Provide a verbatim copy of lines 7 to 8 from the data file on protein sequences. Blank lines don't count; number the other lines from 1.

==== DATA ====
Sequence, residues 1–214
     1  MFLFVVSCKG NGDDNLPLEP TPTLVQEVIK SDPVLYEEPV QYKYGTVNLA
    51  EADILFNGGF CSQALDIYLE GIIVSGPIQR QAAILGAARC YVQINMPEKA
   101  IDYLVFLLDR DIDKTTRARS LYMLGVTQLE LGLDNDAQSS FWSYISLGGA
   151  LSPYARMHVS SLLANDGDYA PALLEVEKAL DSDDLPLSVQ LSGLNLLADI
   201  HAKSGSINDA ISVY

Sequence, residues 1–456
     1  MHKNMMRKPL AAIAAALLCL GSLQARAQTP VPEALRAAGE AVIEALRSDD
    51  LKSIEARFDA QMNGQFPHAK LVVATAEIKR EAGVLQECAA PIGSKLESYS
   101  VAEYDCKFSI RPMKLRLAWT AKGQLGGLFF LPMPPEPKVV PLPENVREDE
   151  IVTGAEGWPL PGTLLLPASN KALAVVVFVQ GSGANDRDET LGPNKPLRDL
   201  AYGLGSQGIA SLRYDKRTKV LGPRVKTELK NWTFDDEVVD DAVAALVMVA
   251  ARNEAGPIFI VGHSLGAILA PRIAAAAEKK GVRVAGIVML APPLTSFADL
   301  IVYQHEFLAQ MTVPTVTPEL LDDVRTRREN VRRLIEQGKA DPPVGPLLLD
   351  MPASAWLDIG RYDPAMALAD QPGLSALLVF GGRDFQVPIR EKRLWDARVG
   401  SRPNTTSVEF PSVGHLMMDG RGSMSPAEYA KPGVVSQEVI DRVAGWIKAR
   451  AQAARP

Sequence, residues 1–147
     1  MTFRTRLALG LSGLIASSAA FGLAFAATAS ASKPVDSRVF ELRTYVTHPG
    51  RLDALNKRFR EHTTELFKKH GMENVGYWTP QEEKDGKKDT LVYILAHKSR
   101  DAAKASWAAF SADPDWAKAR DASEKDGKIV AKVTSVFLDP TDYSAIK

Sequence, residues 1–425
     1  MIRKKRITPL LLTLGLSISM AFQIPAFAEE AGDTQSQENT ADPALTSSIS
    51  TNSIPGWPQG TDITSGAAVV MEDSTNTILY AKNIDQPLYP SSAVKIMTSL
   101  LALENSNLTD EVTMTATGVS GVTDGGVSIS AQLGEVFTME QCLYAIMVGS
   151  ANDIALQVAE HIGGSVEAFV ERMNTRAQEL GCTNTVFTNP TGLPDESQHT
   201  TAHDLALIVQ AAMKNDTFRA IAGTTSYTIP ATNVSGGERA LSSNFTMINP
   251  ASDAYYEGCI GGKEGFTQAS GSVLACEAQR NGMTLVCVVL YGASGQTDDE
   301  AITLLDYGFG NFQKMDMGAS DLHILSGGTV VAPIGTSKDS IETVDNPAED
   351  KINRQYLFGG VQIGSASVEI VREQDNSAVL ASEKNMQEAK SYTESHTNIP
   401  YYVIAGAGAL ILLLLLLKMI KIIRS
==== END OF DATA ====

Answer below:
Sequence, residues 1–456
     1  MHKNMMRKPL AAIAAALLCL GSLQARAQTP VPEALRAAGE AVIEALRSDD